Famine, Cholera, Opium, Romanticism and the Volcano That Binds Them
April 13, 2014 11:05 AM   Subscribe

On 10 April 1815, Tambora produced the largest eruption known on the planet during the past 10,000 years. As described in Gillen D'Arcy Wood's new book, the explosion was only the first dose of Tambora's destructive power. In terms of its enduring presence in folklore, as well as its status in the scientific literature, 1816’s cold summer was the most significant meteorological event of the nineteenth century. After the tsunami and famine came cholera, opium, and failed Arctic expeditions.

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posted by shoesfullofdust (13 comments total) 30 users marked this as a favorite
Was there such a thing as a successful 19th Century Arctic expedition? I guess, if you didn't get eaten, you were in the tall corn.
posted by thelonius at 11:12 AM on April 13, 2014 [1 favorite]

An English professor specializing in the Romantic era, Wood fell into this research in 2007... "Like a lot of fruitful human endeavors, this book originated in feelings of shame: I felt ashamed that I knew nothing about Tambora," Wood said. "Here I was supposed to be a scholar of the Romantic era, and 1815 is right in the heart of this period. Yet I didn't even know where this volcano was."

I guess my shame is not as great, but I didn't know about this either.

As regards successful 19th century artic expeditions, the great Norweigian polar explorer Fridtjof Nansen led a successful expedition across Greenland in the 1880s. Eschewing the complex siege tactics of the British, Nansen used skis, wore the clothing of the Scandinavian Sami people, traveled light and was the first person to cross the Greenland ice cap. No one was eaten.
posted by three blind mice at 11:53 AM on April 13, 2014 [3 favorites]

So acts of nature in and of themselves can cause drastic climate changes in the short term. Hmmm, food for thought.
posted by Renoroc at 12:11 PM on April 13, 2014

See also Krakatoa, (same region and just under 70 years later) and global climate effects.
posted by adamvasco at 12:16 PM on April 13, 2014 [1 favorite]

I've been fascinated by this subject for a while and will definitely check out the book. Thanks!
posted by stargell at 2:54 PM on April 13, 2014 [1 favorite]

Fridtjof Nansen - A man of action and vision. Deserves a post unto himself.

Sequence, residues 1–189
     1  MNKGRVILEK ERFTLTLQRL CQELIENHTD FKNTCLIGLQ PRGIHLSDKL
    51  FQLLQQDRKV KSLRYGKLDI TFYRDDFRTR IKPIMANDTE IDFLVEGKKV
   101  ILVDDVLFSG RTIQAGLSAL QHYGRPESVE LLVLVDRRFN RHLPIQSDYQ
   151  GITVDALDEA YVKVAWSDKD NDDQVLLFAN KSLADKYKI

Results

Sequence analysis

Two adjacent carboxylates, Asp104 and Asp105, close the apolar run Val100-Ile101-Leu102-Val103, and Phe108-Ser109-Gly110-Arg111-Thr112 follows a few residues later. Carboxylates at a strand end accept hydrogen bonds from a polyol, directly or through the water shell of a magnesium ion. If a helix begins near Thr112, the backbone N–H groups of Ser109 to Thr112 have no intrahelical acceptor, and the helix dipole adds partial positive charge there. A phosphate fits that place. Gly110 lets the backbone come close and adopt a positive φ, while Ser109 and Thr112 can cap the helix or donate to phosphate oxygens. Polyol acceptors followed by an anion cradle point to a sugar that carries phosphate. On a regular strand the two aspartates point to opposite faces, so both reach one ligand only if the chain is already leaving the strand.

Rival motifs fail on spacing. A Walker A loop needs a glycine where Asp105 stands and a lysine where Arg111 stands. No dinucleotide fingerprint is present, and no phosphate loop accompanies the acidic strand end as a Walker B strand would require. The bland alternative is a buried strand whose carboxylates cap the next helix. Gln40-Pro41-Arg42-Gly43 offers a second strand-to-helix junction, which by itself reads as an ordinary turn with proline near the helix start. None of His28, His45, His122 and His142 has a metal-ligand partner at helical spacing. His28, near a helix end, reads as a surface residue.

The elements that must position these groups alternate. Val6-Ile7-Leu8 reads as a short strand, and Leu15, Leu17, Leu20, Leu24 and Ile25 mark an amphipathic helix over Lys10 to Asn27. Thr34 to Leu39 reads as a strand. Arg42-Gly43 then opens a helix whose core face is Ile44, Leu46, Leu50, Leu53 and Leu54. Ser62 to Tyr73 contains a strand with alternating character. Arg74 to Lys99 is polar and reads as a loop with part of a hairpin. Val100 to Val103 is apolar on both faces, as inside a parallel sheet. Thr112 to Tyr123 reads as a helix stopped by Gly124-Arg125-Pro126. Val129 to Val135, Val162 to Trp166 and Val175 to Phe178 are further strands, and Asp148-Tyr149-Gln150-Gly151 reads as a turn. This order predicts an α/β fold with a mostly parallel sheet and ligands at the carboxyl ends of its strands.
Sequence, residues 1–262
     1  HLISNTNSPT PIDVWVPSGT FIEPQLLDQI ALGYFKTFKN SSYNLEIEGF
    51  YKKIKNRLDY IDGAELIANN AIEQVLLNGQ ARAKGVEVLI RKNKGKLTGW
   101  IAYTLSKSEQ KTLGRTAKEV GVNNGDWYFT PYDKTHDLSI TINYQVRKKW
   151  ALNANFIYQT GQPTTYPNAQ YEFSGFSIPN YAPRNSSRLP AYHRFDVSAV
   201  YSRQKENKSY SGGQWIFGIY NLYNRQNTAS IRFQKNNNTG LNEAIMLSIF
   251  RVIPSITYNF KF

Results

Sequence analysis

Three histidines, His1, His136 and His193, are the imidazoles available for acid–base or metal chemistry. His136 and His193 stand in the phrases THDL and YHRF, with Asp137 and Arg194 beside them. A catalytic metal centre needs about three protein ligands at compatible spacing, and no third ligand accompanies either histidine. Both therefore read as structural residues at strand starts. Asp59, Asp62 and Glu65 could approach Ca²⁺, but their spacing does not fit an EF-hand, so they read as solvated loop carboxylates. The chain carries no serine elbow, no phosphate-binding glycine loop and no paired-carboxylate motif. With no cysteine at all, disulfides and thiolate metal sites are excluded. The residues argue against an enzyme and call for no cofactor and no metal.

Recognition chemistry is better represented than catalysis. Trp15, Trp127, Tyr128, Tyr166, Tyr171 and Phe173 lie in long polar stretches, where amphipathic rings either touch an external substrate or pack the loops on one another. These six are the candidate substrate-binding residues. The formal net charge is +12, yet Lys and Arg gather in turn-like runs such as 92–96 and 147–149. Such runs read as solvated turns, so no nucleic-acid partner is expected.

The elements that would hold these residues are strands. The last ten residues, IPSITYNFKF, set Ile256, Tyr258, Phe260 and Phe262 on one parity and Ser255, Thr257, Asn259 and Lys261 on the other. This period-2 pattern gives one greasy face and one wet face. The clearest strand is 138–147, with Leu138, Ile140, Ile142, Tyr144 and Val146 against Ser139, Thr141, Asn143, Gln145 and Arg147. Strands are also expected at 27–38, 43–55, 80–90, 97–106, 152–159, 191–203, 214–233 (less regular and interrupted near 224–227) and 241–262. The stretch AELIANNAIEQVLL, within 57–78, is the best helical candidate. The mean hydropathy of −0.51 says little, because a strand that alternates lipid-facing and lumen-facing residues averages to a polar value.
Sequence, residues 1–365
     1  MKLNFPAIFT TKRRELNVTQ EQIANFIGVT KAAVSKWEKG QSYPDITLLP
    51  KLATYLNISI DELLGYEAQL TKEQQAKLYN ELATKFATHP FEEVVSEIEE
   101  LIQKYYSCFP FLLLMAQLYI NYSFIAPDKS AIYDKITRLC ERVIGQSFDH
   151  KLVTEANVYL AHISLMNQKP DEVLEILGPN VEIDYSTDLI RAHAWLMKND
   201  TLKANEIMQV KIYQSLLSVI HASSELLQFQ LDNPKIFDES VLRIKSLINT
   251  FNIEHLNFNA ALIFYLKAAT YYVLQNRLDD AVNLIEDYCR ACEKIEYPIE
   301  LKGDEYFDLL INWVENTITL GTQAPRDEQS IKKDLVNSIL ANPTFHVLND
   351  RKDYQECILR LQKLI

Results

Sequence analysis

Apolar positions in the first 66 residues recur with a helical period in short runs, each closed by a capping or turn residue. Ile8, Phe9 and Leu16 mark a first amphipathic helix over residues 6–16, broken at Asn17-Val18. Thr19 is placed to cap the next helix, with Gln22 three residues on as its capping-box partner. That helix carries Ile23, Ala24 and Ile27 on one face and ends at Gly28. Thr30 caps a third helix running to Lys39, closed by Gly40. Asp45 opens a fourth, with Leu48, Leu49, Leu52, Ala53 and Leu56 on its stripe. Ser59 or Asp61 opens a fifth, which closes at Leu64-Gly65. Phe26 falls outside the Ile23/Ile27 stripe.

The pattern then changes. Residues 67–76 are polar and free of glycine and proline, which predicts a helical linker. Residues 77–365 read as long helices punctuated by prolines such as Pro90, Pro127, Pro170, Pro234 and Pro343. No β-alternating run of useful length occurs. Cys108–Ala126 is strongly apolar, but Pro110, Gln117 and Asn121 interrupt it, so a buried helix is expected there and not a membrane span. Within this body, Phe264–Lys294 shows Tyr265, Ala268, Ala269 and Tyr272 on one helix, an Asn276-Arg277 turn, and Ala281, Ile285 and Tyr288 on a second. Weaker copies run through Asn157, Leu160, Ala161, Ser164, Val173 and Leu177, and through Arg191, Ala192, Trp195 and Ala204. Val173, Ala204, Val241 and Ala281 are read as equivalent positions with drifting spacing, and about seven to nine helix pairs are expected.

posted by shoesfullofdust at 3:19 PM on April 13, 2014

Villagers in Vermont survived on hedgehogs...

They must have hunted the hedgehogs to extinction, because as I write this hedgehogs are not considered native to the Americas.

First the mammoth, and then the hedgehog. You maniacs! Oh, damn you! God damn you all to HELL!
posted by Mayor Curley at 4:39 PM on April 13, 2014 [2 favorites]

I knew about the volcano and year without summer but not about cholera, that is absolutely fascinating. Thank you for this!
posted by fshgrl at 4:43 PM on April 13, 2014 [1 favorite]

Curley, hedgehog is a now deprecated New Englander regionalism for the very native North American porcupine.

I am a bit skeptical that the weather caused the cholera, as described, although it surely may have played a part in it becoming an epidemic. I'd like to see the literature on that.

Pinatubo also had some mild, but measurable, effects.
posted by dhartung at 6:17 PM on April 13, 2014 [1 favorite]

I'm reading The Year Without Summer: 1816 right now, inspired by our tough winter.
posted by vitabellosi at 9:01 PM on April 13, 2014

All my favourite things, brought together in one post! I'll go through this with the attention it deserves when I'm back at home tonight. Mr daisyk has been working on an RPG setting in 1816 Switzerland for a while now, and I need to prod him into releasing it as a PDF. Switzerland was already poor and agriculturally non-productive at the time; the Year Without a Summer tipped it over into full-blown famine.

shoesfullofdust, if no one else feels like making a Fridtjof Nansen FPP, I'll have a look at that too. He's a legend.
posted by daisyk at 2:20 AM on April 14, 2014 [1 favorite]

I learned everything I know about Tambora thanks to anachro-punk cello bands.
posted by Jilder at 3:08 AM on April 14, 2014 [1 favorite]

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